Striking graduate student teachers at Temple University rallied with supporters, including several state lawmakers, Tuesday in their quest for a new contract.
Students marched and chanted on campus calling for a new contract, settling at the landmark bell tower for a rally. The rally at the university came as the mediation sessions resumed between the union and the teachers.
State Representative Malcolm Kenyatta told the group they had friends in Harrisburg that would fight against what he called his “union busting alma-mater.”
“What we don’t love are working people who aren’t able to pay their bills yet. What we don’t love is [for] the people who do the research, who teach the classes, who sit with students, not be able to feed themselves.”
The Temple University Graduate Students’ Association, representing about 750 graduate teaching assistants and research assistants, went on strike at the end of January. Union members said they spent more than a year negotiating with the school’s administration for higher wages, better benefits, and improved working conditions. TUGSA says the average graduate worker makes $19,500 a year.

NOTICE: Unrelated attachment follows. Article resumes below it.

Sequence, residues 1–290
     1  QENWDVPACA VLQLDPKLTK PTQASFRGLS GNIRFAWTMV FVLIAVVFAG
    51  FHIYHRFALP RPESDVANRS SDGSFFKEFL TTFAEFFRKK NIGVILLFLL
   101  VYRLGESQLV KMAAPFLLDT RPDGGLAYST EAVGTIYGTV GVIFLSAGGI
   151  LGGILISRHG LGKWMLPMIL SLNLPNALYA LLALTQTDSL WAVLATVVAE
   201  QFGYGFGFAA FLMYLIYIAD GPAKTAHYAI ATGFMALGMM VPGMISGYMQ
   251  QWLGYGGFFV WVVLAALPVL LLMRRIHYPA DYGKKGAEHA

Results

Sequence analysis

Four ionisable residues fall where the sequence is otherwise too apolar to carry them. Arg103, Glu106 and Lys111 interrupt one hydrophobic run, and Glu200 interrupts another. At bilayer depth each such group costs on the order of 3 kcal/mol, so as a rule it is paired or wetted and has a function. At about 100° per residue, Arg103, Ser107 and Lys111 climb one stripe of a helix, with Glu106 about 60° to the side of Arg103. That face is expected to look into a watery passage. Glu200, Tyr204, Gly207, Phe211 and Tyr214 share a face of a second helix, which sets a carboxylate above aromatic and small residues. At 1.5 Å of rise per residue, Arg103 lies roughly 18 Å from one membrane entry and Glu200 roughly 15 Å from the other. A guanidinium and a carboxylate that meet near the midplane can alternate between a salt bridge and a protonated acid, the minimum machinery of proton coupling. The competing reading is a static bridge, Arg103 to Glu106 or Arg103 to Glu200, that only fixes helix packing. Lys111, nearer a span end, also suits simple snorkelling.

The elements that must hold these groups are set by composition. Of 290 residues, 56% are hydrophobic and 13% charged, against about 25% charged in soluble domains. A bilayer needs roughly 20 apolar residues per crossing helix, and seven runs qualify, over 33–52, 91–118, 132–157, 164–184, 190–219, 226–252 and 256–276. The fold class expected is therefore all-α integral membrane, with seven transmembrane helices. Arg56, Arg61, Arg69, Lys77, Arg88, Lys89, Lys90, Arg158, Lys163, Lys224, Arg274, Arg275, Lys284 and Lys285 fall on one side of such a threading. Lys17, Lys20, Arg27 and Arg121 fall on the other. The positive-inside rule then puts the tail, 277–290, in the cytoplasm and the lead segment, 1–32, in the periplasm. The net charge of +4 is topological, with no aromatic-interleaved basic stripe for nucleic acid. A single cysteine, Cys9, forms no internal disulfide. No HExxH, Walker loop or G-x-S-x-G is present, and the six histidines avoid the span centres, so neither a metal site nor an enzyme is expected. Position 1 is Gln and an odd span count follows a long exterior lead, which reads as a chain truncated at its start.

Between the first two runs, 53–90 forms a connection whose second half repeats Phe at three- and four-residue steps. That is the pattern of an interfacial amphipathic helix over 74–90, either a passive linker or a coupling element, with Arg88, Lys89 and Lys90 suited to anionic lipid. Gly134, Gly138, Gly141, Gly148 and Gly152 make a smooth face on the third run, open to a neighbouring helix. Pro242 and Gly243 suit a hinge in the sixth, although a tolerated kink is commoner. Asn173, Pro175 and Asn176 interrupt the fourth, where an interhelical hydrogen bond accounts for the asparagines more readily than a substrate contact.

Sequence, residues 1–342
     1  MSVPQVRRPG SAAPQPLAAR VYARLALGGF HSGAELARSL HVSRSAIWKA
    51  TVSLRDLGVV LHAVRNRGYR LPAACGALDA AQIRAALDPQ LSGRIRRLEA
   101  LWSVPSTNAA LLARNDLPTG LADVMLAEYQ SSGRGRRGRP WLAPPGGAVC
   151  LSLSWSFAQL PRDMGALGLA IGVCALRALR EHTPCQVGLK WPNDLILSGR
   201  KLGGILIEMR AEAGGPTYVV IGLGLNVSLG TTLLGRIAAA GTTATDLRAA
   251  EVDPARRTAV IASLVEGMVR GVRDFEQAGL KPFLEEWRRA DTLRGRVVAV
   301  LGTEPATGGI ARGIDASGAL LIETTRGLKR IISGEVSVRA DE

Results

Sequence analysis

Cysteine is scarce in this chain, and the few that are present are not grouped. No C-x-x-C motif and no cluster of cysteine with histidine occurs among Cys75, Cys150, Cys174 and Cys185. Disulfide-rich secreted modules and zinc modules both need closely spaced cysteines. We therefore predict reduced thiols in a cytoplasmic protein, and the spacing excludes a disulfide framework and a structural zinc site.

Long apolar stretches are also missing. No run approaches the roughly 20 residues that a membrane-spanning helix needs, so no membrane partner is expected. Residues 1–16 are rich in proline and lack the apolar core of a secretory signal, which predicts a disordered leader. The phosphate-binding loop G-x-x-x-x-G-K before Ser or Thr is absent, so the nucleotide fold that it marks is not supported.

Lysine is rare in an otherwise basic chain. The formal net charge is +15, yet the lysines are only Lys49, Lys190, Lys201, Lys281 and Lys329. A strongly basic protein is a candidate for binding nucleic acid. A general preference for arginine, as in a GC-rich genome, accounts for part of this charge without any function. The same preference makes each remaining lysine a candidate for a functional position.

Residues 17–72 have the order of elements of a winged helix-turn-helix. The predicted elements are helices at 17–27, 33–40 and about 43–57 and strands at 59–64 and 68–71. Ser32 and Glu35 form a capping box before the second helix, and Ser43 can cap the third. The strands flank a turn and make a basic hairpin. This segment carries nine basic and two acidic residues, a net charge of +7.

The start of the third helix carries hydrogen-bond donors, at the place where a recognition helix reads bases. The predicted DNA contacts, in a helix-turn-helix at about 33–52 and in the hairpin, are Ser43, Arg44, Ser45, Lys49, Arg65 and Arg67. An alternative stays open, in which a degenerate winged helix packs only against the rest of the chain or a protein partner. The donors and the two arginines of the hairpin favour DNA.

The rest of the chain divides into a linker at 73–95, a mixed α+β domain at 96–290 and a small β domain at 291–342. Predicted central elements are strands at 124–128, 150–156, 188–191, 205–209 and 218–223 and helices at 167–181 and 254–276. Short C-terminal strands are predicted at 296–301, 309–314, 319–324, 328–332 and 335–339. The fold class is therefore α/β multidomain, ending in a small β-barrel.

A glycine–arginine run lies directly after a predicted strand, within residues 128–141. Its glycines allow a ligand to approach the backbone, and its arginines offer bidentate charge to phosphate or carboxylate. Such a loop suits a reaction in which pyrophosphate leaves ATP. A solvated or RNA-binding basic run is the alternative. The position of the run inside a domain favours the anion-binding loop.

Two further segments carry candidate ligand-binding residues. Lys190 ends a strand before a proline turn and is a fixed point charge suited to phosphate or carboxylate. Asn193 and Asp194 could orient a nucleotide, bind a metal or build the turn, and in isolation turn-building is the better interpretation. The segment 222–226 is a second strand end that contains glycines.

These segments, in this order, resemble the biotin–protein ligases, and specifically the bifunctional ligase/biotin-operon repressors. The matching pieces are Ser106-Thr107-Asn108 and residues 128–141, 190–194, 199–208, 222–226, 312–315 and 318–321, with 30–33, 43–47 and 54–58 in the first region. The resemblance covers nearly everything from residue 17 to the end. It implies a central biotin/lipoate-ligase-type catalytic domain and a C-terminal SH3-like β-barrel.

“All you want is a decent living wage so you can take care of your families and continue to be the engine that drives this bus that we call a Temple,” said Art Steinberg, state head of the American Federation of Teachers. He announced that negotiations between the union and the school had restarted. “I, too, went to Temple, and as a symbolic act, until this is resolved, I’ve taken my diploma off the wall.”
State Representative Danilo Burgos told students that university leaders would soon be seeking more money from the state.
“In a couple of weeks, they’ll be in Harrisburg asking for more support. If this is not resolved, no Temple lobbyists better show up in Harrisburg asking for more help,” Burgos said. “No Temple lobbyist had better show up asking for more help until this issue is resolved.”
Temple issued a statement on the dispute: “Our commitment is to provide our graduate student employees with fair compensation and benefits that are competitive with the market, support their continuing education and enable them to pursue their future careers. We also need to ensure that Temple remains economically sound and able to provide an excellent education to our students.”
The university said they are hopeful they can resolve the issue soon and come to terms that are acceptable to all involved.
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